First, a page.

Two thousand pounds a year in late-18th-century Britain was a substantial sum, enough to place a family in what we would now call the one percent. But the real joke of the scene is that Marianne’s pretense to abstract reasoning about the moderate amount of wealth that will make her happy is highly imaginatively specific. The word “hunters” is the clue. She isn’t theorizing about what will make her happy; she’s imagining her establishment with her love interest, John Willoughby, once they are married. Willloughby is a consummate hunter, and when Edward points out that hunters are a bit of a luxury and not everyone hunts, Marianne “colours” and replies that “most people do.”
Marianne, alas, does not get her hunters. This is one of the ways in which Sense and Sensibility differs from Pride and Prejudice. Jane and Elizabeth Bennet don’t really compromise in their happily ever afters. They don’t have to trade wealth for happiness, despite Elizabeth’s occasional pert speech to Charlotte Lucas that she won’t simply marry anyone for the sake of keeping Mrs. Bennet off a cat food diet in her senior citizenhood. (Who would?) These little tirades preserve our affection for Elizabeth, although the fact that she doesn’t have to follow through on these severe principles is what we tend to forget. But Marianne Dashwood’s attempt to unite fortune and the happiness of a dashing young suitor fail miserably.
Ironically, Marianne does get her two thousand a year. The very sum that she thought necessary to support her gentility is in fact what Colonel Brandon, whom she marries at the end of the novel, brings to the table. The toils and labors she undertakes in the meantime are comparable to those of the poor man’s son in Smith’s parable. When Willoughby jilts her, the feminine art of writing letters of love and reproach to her erstwhile suitor is intensely time-consuming and energy-sapping. Marianne is up “before the house-maid had lit their fire next day,…kneeling against one of the window-seats for the sake of all the little light she could command,….and writing as fast as a continual flow of tears would permit her.” She is at her desk as hard as any bank clerk scrabbling after a fortune in a London counting house, and reading the winds and weather to figure out whether her lover’s lack of an answer has to do with his hunting.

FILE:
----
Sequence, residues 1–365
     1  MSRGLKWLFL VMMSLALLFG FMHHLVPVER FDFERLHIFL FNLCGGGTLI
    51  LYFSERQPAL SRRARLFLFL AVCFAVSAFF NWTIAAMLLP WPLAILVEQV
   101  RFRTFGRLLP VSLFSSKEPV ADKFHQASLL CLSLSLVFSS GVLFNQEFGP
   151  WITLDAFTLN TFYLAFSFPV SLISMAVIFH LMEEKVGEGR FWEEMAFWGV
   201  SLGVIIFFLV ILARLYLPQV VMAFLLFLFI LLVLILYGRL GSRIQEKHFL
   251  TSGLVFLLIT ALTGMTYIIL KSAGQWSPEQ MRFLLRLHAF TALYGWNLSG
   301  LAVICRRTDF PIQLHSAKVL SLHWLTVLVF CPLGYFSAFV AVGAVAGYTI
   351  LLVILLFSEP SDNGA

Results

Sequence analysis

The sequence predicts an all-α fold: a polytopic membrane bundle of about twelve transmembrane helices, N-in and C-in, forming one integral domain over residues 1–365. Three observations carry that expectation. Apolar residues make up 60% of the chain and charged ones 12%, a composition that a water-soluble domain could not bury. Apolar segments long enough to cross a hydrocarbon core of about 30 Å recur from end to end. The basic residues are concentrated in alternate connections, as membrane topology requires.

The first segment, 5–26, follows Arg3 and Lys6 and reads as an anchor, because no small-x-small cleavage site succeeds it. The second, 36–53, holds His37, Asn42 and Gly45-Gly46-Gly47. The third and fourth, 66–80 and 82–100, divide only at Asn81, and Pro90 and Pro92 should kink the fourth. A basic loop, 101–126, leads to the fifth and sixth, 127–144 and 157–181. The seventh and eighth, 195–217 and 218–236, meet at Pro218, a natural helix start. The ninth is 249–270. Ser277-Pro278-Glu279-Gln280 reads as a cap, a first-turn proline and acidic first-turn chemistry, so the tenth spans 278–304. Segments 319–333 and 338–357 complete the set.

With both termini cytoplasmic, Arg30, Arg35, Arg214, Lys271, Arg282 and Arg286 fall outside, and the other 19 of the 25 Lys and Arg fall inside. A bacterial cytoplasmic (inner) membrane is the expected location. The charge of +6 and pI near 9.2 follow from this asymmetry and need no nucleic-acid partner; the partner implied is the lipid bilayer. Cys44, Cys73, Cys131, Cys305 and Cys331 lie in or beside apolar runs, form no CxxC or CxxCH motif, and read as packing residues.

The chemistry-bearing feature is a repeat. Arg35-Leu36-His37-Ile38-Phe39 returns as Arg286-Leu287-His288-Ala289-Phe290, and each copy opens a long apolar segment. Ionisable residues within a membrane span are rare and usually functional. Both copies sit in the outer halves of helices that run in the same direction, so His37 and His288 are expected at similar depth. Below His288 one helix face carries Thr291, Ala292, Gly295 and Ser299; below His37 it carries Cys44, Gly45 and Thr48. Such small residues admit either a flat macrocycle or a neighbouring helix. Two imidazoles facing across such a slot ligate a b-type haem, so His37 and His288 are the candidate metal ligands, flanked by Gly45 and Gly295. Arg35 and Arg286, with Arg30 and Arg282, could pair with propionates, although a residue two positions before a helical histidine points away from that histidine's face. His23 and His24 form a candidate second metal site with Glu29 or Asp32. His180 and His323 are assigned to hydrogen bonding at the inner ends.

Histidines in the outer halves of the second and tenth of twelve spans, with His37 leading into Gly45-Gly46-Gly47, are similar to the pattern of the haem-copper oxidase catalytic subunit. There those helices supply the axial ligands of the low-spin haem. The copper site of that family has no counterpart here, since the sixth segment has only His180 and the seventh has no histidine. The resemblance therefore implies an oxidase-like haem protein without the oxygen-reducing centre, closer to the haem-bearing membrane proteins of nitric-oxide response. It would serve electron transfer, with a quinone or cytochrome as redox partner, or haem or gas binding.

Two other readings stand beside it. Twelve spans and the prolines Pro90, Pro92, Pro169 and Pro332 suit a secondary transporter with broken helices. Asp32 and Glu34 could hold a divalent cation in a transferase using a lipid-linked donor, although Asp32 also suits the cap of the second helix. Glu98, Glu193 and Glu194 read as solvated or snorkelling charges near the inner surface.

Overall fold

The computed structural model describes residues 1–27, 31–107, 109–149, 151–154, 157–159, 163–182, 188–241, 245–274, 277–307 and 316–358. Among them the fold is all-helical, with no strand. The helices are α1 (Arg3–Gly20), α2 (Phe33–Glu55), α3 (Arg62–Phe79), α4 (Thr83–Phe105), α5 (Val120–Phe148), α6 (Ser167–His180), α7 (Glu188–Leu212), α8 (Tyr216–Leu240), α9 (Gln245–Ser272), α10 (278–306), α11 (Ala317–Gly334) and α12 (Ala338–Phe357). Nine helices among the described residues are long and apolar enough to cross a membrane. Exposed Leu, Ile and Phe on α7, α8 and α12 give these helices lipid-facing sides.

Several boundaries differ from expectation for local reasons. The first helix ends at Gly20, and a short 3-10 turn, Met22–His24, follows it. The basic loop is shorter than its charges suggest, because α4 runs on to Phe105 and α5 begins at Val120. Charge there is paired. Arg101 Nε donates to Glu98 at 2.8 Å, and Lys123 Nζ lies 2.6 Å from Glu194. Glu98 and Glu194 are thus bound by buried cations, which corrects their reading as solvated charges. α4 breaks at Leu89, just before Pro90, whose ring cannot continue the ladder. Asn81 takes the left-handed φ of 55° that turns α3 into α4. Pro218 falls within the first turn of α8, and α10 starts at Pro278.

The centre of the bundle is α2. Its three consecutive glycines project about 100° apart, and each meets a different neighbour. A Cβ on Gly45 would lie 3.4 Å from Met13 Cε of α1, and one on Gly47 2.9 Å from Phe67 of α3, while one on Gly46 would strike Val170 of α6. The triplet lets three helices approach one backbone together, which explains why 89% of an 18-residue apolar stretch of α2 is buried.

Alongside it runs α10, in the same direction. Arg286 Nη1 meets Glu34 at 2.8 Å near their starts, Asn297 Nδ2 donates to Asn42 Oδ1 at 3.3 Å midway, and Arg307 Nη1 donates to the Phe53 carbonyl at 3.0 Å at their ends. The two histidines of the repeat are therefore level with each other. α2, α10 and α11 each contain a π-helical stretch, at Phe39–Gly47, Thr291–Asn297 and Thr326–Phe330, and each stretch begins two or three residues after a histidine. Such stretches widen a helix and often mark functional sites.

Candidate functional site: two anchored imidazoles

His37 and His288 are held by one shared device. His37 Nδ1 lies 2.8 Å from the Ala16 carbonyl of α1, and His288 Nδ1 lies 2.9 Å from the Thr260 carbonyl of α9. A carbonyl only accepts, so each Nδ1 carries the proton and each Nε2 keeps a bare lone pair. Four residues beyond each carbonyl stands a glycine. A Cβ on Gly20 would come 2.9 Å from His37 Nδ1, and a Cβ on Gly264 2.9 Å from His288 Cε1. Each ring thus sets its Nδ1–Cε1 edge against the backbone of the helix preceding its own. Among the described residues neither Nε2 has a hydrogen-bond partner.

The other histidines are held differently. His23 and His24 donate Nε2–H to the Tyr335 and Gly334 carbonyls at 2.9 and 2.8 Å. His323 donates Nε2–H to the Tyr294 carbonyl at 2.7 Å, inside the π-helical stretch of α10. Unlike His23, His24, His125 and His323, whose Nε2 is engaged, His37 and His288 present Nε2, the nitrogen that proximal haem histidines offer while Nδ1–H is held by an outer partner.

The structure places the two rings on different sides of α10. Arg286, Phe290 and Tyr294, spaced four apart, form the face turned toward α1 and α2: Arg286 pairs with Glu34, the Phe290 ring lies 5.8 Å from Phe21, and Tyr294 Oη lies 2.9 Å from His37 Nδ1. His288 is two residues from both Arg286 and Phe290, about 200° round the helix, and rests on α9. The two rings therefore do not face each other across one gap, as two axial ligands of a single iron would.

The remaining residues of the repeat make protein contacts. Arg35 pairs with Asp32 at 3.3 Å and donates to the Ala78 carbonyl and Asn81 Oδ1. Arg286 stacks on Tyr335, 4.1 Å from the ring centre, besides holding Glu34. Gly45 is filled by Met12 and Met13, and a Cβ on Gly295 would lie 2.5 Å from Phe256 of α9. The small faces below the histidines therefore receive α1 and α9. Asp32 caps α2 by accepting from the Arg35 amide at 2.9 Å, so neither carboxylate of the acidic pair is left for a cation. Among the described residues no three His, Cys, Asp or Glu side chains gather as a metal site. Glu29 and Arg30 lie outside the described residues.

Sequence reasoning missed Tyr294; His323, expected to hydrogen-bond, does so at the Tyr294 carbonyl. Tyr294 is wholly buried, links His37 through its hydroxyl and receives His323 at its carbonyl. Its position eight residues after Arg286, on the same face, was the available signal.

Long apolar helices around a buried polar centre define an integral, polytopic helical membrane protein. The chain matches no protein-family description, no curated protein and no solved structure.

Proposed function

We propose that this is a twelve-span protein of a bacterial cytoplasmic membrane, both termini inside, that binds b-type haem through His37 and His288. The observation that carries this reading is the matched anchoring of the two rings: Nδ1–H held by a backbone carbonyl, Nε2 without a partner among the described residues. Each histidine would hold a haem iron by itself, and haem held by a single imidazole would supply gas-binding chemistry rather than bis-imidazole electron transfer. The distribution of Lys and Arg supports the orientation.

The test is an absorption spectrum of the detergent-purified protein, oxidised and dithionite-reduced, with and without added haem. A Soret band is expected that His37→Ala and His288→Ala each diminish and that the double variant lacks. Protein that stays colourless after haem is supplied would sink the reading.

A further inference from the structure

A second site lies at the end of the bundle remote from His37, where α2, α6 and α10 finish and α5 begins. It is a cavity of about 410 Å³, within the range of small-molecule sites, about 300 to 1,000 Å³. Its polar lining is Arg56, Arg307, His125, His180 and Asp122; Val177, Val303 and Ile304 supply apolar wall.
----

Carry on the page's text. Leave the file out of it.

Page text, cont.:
Marianne, at least according to the precepts of the dismal science, has sacrificed the real tranquility that was at all times in her power. Of course, a strictly numerical analysis ignores that she believed herself in love with Willoughby and not with Brandon. The novel gradually reveals the worth of Brandon and the worthlessness of Willoughby, which makes the math even clearer. Arguably, the 18th-century reader would have recognized Willoughby for the shallow playboy he is sooner than Marianne ever did. Samuel Richardson’s Lovelace and a pantheon of earlier smooth-talking men with hunters and sweet promises under their mustaches prepared them for the type.
As for Marianne’s mysterious late-in-the-game illness, it also contains curious echoes of The Theory of Moral Sentiments. Smith never can decide how one should feel about the pursuit of wealth. On the one hand, it keeps in motion the industry of mankind. On the other, it doesn’t make people very happy. So how is the individual character—after all, the subject of a treatise on ethical conduct—to treat wealth?